Anaemia is a lack of haemoglobin, i.e. red blood pigment. Haemoglobin is located in the red blood cells (erythrocytes) and is responsible for transporting oxygen in the blood. Depending on the anaemia, either the haemoglobin content of the blood cells is limited or there are too few red corpuscles in the blood as a whole. Anaemia occurs when the blood cannot transport sufficient oxygen, which then causes a drop in physical performance.

Anaemia can occur for very different reasons. The most common causes are deficiency symptoms such as iron deficiency, Vitamin B-12 deficiency or folic acid deficiency. If this is the case, there is a lack of important material for haematopoiesis (blood building).  Chronic blood loss, for example during intestinal haemorrhaging or bone metastases from a tumour, can also cause anaemia. However, anaemia sufferers may also sometimes have an underlying blood disease, e.g. leukaemia.

Anaemia limits the blood’s capacity to transport oxygen, which in turn endangers the supply of sufficient oxygen to the body. Fatigue, reduced performance, headaches, breathing difficulties, dizziness or rapid heartbeat during mild exertion can be possible indications of anaemia. If there is blood in the stool or the urine, this should be immediately checked by a doctor.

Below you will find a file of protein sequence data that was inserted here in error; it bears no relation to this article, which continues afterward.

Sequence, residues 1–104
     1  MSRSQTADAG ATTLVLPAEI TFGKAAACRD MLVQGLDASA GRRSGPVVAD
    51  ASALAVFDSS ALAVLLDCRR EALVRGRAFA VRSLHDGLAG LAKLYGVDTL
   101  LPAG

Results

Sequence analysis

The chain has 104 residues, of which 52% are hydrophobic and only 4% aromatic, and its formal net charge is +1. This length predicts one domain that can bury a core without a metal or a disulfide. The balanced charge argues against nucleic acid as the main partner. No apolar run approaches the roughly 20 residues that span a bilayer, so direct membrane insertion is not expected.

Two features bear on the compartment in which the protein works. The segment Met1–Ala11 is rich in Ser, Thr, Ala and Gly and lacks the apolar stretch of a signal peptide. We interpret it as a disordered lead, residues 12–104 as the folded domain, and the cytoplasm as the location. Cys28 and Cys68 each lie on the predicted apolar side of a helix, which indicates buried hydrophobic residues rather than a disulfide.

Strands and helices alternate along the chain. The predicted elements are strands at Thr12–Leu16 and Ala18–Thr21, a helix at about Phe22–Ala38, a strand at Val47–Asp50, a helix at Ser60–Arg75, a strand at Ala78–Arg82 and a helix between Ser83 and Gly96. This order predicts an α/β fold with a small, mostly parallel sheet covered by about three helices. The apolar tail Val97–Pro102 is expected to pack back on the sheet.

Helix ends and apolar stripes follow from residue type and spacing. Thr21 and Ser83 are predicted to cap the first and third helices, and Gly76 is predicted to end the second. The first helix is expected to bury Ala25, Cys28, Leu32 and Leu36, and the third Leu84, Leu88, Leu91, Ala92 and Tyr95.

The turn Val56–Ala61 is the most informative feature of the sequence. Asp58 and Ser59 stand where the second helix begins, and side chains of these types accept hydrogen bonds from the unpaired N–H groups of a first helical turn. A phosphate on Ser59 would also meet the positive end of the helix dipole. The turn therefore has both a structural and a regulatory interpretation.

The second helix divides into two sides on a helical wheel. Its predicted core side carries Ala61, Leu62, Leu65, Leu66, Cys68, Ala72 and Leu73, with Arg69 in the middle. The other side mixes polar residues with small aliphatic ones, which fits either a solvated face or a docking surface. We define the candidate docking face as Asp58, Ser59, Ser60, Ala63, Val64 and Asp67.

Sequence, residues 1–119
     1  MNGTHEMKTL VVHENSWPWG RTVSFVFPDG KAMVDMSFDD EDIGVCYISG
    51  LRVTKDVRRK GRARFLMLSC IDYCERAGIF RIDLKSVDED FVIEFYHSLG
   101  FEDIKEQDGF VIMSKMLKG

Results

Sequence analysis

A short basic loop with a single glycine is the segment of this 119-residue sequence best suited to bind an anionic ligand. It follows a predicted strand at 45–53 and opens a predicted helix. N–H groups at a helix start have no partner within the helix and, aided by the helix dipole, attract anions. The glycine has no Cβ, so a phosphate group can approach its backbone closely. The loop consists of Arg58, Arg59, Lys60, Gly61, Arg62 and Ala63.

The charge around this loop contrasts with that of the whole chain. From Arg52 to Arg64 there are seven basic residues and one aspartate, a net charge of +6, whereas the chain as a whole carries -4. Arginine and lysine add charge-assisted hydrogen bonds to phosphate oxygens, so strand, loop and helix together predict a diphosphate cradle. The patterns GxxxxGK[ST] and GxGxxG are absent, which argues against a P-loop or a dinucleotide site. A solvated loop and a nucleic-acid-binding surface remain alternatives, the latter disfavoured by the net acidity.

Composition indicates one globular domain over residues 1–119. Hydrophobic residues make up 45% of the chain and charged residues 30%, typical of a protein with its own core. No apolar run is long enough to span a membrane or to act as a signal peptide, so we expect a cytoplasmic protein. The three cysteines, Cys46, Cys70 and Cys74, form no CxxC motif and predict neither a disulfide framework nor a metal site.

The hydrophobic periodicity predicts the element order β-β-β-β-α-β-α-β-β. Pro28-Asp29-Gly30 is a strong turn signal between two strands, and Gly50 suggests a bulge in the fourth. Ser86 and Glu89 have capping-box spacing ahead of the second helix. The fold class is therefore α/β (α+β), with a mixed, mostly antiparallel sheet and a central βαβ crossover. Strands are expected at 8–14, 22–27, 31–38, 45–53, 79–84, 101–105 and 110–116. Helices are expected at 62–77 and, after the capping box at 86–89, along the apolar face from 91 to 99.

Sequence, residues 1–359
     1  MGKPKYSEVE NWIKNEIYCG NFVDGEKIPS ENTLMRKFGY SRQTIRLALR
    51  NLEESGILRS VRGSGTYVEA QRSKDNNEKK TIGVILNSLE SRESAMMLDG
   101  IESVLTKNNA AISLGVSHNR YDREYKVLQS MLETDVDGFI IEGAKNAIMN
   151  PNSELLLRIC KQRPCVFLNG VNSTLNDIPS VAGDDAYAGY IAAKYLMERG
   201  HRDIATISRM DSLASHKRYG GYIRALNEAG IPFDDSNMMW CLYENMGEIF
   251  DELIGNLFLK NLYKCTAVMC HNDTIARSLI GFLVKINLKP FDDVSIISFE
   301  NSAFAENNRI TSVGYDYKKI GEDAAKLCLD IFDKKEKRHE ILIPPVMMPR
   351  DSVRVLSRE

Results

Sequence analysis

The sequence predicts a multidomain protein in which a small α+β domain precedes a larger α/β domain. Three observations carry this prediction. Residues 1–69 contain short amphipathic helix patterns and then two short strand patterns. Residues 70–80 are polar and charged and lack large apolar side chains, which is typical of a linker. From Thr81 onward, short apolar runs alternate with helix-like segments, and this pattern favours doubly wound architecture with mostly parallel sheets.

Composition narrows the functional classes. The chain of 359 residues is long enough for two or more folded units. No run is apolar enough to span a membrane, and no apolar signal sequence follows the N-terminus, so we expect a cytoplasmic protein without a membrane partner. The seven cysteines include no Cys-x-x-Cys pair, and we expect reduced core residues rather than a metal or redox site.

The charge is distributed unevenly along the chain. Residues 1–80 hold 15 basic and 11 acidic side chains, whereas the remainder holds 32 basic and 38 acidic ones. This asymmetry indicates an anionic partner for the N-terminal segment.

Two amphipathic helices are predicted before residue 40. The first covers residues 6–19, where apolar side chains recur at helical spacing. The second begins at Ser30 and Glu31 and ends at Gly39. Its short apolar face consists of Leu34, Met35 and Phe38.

Anaemia is diagnosed by measuring the haemoglobin in the blood. If it exists, the underlying causes must be found. Further examinations are also carried out to this end. The iron content or Vitamin B-12 content of the blood are determined to clarify whether a patient has an iron or a Vitamin B-12 deficiency. Sometimes just the appearance of the red blood cells under the microscope provides information on the causes of anaemia. If there is suspected bleeding, a colonoscopy or a gastroscopy may be required. Sometimes a skeletal scintigraphy is carried out to find out whether bone metastases exist. If the patient has a blood disease, a bone-marrow puncture will provide information on any disorders in the haematopoiesis.

The treatment of anaemia depends on what is causing it. Blood transfusions are usually only necessary in the case of severe anaemia. An existing iron or Vitamin B-12 deficiency can be remedied with the corresponding supplements. If there is haemorrhaging; for example, in the event of a stomach ulcer, the cause is treated. If cancer or a blood disease is responsible for the anaemia, the focus is on treating the disease in question.

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The specialists at Hirslanden, the largest private hospital group in Switzerland, are renowned for their expertise and many years of experience in treating your illness.

You can expect comfortable rooms and a modern infrastructure as well as the highest standards in medicine and care.

We will help you throughout your entire stay, organising additional services such as translators and interpreters, transport, and overnight hotel stays for you and your relatives, and addressing all your administrative questions.

A personal contact from the Hirslanden International team will take care of your needs from the time that you first contact us to arrange an appointment through to the end of your treatment.

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